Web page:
John Tolley, February 26, 2019
You most likely don't know the story of Ann Williams, but some 200 years ago her name was shared far and wide. Even then, though, the people who told her story didn't really know much of the real Ann Williams, the harsh realities she faced, the family she built in spite of her conditions, the perseverance incumbent to her soul.
In the short film Anna, produced by an interdisciplinary team of faculty and students from the University of Nebraska-Lincoln, Williams' story is brought to life in stirring and vivid animation that transports viewers to the early 19th century world of chattel slavery.
"The film is about an enslaved woman who faces a difficult decision," says the film's historian William G. Thomas III, Angle professor in the humanities and professor of history at Nebraska. "It's about the situation she found herself in and the situation of American slavery. The film is really meant to bring viewers along with her to understand that situation."
Born into slavery, Williams - who was known to abolitionists as Anna - lived her whole life on plantations in Maryland, serving as a skilled weaver. She eventually took a husband, and they began to build a family.
Hard times, though, befell Williams' masters, one after the other. One day, her husband was sent to work a far field, and Williams and her daughters were spirited away to a Washington DC tavern whose third-floor garret doubled as a prison for slaves. They had been sold to a new master who intended to take them south to Georgia. Desperate to keep her family together, Williams did the only thing she could think to do. She leapt from the window.
While the fall nearly killed Williams, and her daughters were still transported to Georgia, it set in motion a chain of events that would eventually lead to Williams suing for and winning freedom for herself and her family. The story also became an emblem for the growing abolitionist movement, particularly those sickened by the slave trade within our nation's capital.
"When I saw this woman who jumped from the window, I said, 'Well, who is this woman? Why did she jump?'" explains screenwriter Kwakiutl Lynn Dreher, associate professor of English at Nebraska. "Then she lives to tell her story. I realized, that's freedom there."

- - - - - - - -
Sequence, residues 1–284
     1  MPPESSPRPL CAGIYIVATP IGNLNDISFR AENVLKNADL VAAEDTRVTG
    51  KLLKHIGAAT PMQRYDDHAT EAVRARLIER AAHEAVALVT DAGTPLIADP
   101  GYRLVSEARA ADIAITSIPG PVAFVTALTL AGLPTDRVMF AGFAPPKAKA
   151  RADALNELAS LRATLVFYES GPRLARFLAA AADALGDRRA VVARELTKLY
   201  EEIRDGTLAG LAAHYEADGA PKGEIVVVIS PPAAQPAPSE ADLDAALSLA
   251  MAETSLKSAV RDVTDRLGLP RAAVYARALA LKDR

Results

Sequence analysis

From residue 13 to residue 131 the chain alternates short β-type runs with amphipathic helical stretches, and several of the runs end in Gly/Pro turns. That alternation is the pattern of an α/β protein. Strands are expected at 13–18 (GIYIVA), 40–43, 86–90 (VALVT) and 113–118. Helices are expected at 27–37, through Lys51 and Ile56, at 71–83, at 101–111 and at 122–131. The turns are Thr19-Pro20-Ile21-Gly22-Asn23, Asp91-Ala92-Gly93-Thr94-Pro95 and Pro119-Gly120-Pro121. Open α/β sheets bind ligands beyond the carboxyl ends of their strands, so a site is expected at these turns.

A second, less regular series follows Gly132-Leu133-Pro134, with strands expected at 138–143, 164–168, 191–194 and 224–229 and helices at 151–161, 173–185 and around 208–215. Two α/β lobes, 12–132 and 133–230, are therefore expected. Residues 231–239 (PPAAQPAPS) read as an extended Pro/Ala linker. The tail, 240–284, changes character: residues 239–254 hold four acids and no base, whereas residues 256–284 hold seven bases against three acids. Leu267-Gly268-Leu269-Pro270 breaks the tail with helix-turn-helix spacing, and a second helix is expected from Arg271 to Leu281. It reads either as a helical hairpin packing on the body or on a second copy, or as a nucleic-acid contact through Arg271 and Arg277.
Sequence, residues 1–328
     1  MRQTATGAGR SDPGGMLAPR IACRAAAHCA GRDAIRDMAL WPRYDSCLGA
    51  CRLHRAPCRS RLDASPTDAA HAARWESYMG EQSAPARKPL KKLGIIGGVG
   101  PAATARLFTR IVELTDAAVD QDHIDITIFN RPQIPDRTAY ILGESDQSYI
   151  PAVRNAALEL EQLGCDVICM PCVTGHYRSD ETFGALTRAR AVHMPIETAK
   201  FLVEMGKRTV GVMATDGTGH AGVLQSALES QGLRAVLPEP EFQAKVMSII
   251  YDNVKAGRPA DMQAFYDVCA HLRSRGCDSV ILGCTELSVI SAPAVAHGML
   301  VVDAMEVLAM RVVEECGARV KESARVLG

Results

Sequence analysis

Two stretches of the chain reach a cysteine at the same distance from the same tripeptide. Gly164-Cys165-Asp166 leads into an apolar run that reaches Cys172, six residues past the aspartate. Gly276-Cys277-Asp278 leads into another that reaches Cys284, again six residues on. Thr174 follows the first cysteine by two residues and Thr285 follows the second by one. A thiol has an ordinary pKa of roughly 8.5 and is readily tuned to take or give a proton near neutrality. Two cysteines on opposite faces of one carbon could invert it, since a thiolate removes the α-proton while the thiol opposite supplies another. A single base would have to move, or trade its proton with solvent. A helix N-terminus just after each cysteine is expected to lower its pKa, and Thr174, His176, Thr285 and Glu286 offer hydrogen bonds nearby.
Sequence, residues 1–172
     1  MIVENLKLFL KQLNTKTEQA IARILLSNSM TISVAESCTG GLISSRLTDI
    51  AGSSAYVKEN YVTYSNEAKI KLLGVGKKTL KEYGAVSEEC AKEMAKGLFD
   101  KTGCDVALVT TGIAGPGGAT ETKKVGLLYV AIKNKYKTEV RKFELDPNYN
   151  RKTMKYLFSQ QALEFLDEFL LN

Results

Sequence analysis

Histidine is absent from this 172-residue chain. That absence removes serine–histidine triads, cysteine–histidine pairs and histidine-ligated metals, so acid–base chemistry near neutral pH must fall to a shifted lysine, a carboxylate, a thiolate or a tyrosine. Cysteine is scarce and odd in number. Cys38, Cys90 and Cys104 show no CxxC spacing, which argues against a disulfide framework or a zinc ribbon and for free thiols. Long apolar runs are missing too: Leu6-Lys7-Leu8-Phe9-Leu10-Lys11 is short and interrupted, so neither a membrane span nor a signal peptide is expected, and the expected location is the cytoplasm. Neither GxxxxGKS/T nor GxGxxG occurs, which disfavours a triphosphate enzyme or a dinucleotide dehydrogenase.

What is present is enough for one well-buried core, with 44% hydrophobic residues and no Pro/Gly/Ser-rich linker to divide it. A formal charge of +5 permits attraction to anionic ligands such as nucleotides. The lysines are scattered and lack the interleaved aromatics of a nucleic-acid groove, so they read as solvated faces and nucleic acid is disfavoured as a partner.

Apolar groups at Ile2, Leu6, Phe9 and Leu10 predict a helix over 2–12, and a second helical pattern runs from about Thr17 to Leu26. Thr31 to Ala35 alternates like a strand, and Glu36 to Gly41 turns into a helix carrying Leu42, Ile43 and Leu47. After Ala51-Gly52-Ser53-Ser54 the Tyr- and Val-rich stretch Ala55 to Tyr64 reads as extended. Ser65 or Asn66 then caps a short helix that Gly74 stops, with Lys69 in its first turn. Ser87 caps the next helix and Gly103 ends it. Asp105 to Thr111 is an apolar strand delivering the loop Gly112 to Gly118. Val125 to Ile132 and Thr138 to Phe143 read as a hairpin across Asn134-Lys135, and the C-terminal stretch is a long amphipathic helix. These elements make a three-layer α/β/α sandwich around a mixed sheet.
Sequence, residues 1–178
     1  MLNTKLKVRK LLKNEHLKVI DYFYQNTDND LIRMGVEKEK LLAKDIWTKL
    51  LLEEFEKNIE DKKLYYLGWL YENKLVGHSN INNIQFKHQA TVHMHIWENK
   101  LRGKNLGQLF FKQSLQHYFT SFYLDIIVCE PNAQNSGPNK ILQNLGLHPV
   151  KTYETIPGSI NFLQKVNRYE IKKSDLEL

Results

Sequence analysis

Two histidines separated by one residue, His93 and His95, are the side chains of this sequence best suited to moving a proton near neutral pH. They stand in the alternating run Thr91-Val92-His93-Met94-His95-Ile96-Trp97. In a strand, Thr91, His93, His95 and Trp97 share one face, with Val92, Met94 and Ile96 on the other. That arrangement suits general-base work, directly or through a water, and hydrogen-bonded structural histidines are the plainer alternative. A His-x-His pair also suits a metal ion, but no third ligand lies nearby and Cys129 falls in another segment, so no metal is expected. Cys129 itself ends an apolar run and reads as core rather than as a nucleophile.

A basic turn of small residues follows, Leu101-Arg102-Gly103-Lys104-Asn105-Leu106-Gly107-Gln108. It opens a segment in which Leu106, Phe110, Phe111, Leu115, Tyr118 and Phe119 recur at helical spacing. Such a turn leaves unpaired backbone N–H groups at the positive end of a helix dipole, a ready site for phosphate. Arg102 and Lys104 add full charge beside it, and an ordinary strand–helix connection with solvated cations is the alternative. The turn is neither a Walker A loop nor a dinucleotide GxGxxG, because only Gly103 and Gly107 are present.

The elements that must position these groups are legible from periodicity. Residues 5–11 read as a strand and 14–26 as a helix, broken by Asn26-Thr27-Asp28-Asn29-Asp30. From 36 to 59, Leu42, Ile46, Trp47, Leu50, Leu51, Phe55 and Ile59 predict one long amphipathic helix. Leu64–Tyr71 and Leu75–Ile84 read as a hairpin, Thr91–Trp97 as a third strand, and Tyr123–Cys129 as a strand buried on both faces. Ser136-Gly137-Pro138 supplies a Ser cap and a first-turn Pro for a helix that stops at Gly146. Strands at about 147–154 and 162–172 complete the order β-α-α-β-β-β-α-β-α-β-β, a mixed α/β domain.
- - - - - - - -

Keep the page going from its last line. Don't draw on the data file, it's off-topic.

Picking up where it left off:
The film's style is just as singular as the story it tells. Animation was chosen as a means to recreate locations and worlds that we can't see anymore, explains Michael Burton, director of Anna.
"What we're hoping is with animation you're going to watch for ten minutes and remember it because it's extraordinary in the way it's made," says Burton, assistant professor of practice in the Department of Textiles, Merchandising and Fashion Design. "It's just a different way to tell the story and I think that will stop people and get them to look."
The animation style used is a particular type of rotoscoping, whereby live actors are filmed and then the footage is painted over to build out backgrounds and bring the characters into their setting. To accomplish this, the core team of Burton, Dreher and Thomas worked with a talented group of artists, including students like senior Imani Brown, who is pursuing her BFA with an emphasis in animation.
"I can say that it was definitely a life-changing experience," says Brown. "You see it one the big screen for the first time and seeing everybody's hard work come together as one piece is really satisfying. It really makes you feel fulfilled."
Anna is already generating buzz on the festival scene, with positive responses from audiences on the entertaining and engaging educational material. The film is a proof of concept of sorts, says Burton, and the success of the project could lead to more films like it.
"It was an education opportunity for all of us in the core team and it was a great learning opportunity doe the students," says Burton. "This is the hardest thing I've ever done in my life and I'm really pleased with the way it turned out. I want to make more."